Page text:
Our current tax regime could undergo substantial change in the coming years.
Politicians from the fringes of both parties want to revamp how our government funds itself through taxation.
While it’s incredibly unlikely that anything truly significant will change, it’s enough to make the more paranoid among us curious how we can protect our assets from the IRS.
If you believe you see patterns where others do not, and think the man on the radio is talking directly to you, this list is for you.
MyBankTracker sat down with Alfred Polizzotto III, partner of Brooklyn’s Polizzotto and Polizzotto firm.
He’s been practicing law in Brooklyn for two decades, and with his experience in estate law and financial planning, he offered some advice for people seeking asset protection.
That said, he is a lawyer and a financial planner, and only recommends legal options for asset protection.
For the most part, that limits his advice to No. 1 on our list: trusts.
While a traditional prepaid card requires a substantial amount of paperwork due to PATRIOT Act rules — including giving up your Social Security number — a gift card does not.
Carry one around and you’ll join the ranks of all the drug traffickers and terrorists who use prepaid cards to move illicit money around.
Now we only trust drug traffickers and terrorists as far as we can throw them, but there are some things you can trust them to do right, usually. Among them is covering a paper trail.
We aren’t aware of any reloadable gift cards, so you’ll typically be limited to $250 per card.
There’s nothing stopping you from buying as many of these as you like.
Go all over town, buying prepaid gift cards, and you’ll certainly look like a lunatic to the cashiers — that, or a generous and prolific grandparent — but you’ll have stashed a lot of cash away where someone might not look.
If you can only fit $1,000 into four cards, however, you have to ask yourself if you think four debit cards is any less conspicuous than ten $100 bills.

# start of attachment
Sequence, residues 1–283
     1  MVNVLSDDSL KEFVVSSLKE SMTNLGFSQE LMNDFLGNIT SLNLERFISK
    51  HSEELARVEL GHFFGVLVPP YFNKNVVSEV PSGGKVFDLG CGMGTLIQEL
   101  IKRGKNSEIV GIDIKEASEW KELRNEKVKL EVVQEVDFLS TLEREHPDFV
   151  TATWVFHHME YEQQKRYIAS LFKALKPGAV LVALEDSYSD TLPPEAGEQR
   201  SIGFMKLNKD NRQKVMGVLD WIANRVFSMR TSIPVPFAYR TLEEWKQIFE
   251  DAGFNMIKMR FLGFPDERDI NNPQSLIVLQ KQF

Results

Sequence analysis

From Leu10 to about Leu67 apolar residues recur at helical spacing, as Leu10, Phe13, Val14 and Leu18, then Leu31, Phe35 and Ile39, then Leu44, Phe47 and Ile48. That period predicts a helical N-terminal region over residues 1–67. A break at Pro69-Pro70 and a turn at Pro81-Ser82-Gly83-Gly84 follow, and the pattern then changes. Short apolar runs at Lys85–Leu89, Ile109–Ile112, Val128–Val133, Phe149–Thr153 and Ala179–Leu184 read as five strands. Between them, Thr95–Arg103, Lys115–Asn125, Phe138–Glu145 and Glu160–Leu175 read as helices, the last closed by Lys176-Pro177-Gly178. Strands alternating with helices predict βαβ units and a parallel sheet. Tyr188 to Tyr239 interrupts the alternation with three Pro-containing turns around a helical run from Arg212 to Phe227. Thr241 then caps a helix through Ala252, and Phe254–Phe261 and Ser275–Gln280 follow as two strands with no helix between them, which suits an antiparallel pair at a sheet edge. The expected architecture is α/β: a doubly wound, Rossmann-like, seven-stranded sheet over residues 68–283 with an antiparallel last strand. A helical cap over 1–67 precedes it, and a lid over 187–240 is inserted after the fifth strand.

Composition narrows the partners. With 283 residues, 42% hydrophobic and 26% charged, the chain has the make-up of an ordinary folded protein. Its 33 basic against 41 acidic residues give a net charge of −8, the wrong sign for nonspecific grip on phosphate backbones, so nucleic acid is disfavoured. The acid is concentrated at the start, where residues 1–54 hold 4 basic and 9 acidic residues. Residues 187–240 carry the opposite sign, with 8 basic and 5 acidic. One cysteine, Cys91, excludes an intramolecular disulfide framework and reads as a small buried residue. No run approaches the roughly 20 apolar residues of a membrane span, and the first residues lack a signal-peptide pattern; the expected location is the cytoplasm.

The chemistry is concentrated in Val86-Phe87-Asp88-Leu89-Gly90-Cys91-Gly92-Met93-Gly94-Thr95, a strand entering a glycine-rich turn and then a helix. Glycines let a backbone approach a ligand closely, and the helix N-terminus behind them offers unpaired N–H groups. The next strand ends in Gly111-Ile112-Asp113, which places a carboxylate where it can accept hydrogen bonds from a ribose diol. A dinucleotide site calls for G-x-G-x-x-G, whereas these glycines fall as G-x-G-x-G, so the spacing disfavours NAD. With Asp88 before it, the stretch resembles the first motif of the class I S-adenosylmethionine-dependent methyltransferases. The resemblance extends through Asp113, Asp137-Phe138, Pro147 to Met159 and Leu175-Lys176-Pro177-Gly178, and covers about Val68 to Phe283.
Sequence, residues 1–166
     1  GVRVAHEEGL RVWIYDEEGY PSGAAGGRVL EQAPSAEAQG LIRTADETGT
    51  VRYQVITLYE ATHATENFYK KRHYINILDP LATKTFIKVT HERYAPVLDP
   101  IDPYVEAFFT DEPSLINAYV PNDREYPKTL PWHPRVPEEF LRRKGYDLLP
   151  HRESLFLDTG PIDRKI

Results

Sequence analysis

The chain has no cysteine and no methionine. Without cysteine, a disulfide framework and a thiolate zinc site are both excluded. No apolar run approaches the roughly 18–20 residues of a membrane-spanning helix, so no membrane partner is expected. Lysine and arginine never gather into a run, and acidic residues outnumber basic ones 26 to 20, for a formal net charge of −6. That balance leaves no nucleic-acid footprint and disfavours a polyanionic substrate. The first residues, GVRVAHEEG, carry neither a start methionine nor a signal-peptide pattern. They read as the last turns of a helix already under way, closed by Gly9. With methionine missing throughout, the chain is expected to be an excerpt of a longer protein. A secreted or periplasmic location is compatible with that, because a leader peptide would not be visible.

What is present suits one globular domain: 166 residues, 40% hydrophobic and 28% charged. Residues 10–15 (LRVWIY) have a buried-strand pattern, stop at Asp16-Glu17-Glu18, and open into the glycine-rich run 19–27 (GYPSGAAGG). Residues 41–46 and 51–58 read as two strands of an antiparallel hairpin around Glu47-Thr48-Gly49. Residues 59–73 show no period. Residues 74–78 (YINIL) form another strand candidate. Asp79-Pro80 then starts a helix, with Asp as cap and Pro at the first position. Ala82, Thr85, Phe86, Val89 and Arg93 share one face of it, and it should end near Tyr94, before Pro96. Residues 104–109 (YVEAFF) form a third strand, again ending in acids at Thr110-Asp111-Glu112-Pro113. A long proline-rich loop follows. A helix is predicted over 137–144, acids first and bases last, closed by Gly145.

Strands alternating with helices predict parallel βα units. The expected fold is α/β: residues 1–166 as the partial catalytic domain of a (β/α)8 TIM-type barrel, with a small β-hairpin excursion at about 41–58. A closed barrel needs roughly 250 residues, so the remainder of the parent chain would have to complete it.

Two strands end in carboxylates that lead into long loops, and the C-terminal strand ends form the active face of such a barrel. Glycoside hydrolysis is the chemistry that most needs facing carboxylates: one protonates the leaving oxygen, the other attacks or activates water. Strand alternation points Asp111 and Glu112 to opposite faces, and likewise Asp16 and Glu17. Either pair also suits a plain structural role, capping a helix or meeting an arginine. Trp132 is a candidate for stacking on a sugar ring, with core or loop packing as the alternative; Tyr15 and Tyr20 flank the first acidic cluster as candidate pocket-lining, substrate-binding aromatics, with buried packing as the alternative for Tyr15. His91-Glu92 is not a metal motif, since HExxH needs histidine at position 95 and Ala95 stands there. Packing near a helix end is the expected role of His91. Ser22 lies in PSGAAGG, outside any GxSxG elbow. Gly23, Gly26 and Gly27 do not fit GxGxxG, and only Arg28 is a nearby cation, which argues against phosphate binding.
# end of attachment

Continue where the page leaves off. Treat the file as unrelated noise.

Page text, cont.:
Still confused? Here is some additional information
That said, there are more, um, exotic options when it comes to prepaid cards.
Foreign debit card companies operate outside of PATRIOT Act jurisdiction and can keep substantially more cash on your card, totally anonymously — of course, for a price.
Take, for example, the Sovereign Gold Card: you can store up to $10,000 on it at any time, anonymously, and load up to $240,000 to it a year, but it costs about $200 just to activate it.
For those who want to do things completely by the book, and have considerable means at their disposal, there are trusts. Trusts are Mr. Polizzotto’s specialty.
Parents of means might put some of their money in a child’s name by creating a trust with their children as beneficiaries — this also helps sidestep gift and estate taxes.
The assets in a trust are not the parents’, but the parents can still exert a bit of parental control on the assets.
While we typically think of the trusts as protecting the offspring of the wealthy from their own drug and Faberge egg habits, that’s not always the case says Polizzotto.
“They can get divorced, they can die, they can develop bad habits, they can become spendthrifts, and that money that you thought was secure could end up being diminished or dissipated, even through no fault of the child.”
For asset protection purposes, irrevocable trusts are the way to go. They provide what he called “the walls that protect assets from [outsiders].” Creditors cannot take that money from you if they come looking, because it simply is not yours.
Mitt Romney’s tax return reminded all of us just how poor we all are.
It turns out he’s kept millions in Swiss money market accounts.
Times have changed